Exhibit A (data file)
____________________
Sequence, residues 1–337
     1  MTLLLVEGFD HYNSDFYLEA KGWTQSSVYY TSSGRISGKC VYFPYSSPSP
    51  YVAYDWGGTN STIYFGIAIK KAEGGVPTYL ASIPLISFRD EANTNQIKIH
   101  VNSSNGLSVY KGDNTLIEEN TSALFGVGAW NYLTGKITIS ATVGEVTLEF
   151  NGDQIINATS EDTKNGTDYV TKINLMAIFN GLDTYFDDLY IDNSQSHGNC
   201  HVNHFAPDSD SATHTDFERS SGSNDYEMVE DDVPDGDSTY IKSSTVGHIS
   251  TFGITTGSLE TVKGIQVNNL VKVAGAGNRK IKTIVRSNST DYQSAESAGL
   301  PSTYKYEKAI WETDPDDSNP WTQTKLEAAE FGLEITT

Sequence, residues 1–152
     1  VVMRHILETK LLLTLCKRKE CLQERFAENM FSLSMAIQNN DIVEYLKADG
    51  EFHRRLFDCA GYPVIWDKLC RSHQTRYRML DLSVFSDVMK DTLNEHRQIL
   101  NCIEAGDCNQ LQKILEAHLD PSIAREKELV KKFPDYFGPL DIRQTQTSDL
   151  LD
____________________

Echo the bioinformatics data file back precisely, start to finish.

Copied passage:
Sequence, residues 1–337
     1  MTLLLVEGFD HYNSDFYLEA KGWTQSSVYY TSSGRISGKC VYFPYSSPSP
    51  YVAYDWGGTN STIYFGIAIK KAEGGVPTYL ASIPLISFRD EANTNQIKIH
   101  VNSSNGLSVY KGDNTLIEEN TSALFGVGAW NYLTGKITIS ATVGEVTLEF
   151  NGDQIINATS EDTKNGTDYV TKINLMAIFN GLDTYFDDLY IDNSQSHGNC
   201  HVNHFAPDSD SATHTDFERS SGSNDYEMVE DDVPDGDSTY IKSSTVGHIS
   251  TFGITTGSLE TVKGIQVNNL VKVAGAGNRK IKTIVRSNST DYQSAESAGL
   301  PSTYKYEKAI WETDPDDSNP WTQTKLEAAE FGLEITT

Sequence, residues 1–152
     1  VVMRHILETK LLLTLCKRKE CLQERFAENM FSLSMAIQNN DIVEYLKADG
    51  EFHRRLFDCA GYPVIWDKLC RSHQTRYRML DLSVFSDVMK DTLNEHRQIL
   101  NCIEAGDCNQ LQKILEAHLD PSIAREKELV KKFPDYFGPL DIRQTQTSDL
   151  LD